The City Council of Cleveland, Ohio might have adopted a resolution to abolish Columbus Day if the Italian Americans of the region, especially in Little Italy, hadn’t made their voices heard.
The original resolution sought to replace Columbus Day with Indigenous Peoples’ Day.
However, the Italian American community was quick to resist, arguing the Italian explorer’s voyage and discovery had come to represent a vital part of their heritage.
So, thanks to a compromise, Cleveland’s Indigenous Peoples’ Day will coincide with International Day of the World’s Indigenous Peoples on Aug. 9, which was created by the United Nations General Assembly in 1994.
Some cities across the country have already renamed or replaced Columbus Day altogether with Indigenous Peoples’ Day.
Yet, each October (during Italian American Heritage Month), Italian Americans rally together at Columbus Day parades across the nation, celebrating their history, traditions and values as a culture.
About 15,000 people flock to Cleveland’s Little Italy to celebrate Columbus Day each year.
Cleveland now joins a handful of cities — both big and small — throughout the U.S. that proposed a rededication of the holiday.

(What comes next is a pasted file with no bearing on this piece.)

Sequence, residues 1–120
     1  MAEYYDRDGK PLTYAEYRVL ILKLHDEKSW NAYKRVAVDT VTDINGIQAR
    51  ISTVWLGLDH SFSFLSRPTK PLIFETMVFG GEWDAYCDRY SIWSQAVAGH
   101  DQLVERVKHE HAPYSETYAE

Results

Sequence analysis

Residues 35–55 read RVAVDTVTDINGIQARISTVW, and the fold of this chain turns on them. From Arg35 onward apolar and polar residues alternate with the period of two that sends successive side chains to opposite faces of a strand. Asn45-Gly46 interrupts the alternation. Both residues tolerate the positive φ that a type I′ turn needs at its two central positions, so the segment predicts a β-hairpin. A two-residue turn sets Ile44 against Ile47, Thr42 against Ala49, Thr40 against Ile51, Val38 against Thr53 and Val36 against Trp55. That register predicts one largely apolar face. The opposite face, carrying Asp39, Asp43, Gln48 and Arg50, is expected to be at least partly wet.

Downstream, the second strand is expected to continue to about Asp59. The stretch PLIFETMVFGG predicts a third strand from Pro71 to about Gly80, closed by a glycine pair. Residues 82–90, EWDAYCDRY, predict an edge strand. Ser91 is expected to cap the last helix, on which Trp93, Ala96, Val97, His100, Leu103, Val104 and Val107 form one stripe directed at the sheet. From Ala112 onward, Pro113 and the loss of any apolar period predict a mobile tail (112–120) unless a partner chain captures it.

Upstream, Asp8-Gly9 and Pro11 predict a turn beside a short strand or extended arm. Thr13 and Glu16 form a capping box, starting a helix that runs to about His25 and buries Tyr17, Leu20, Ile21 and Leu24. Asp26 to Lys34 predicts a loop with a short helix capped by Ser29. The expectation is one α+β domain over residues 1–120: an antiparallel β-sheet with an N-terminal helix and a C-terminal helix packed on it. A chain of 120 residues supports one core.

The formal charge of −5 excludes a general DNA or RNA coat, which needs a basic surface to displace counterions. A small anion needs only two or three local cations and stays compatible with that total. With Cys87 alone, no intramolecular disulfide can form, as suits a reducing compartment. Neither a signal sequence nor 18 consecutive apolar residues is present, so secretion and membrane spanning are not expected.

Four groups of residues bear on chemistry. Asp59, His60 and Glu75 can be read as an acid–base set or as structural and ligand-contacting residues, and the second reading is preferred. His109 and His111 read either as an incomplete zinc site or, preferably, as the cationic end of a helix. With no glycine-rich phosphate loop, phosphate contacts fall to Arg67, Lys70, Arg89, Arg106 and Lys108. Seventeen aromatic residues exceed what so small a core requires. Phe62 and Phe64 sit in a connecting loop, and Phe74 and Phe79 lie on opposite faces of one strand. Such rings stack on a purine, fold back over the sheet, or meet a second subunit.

Many Italian organizations, including Italian Sons and Daughters of America, support the establishment of Indigenous Peoples’ Day, yet insist it need not be done at the expense of the Columbus Day tradition.
According to ISDA President Basil M. Russo — who helped facilitate the compromise in Cleveland — Italian immigrants began celebrating Columbus Day with parades in the late 1800s “in an effort to deal with the lynchings and prejudices they were confronted with, and in an effort to establish a sense of dignity and self-worth.”
Since its designation as an official holiday some 80 years ago, the Italian American community is now able to “collectively celebrate their culture, heritage and traditions by acknowledging the sacrifices, accomplishments and contributions their parents, grandparents and great-grandparents have made to our country,” Russo said.
In 2016, ISDA unanimously passed an internal resolution to dedicate more efforts and resources to support the preservation of Columbus Day throughout the 50 states, and this week — in Cleveland — that effort paid off.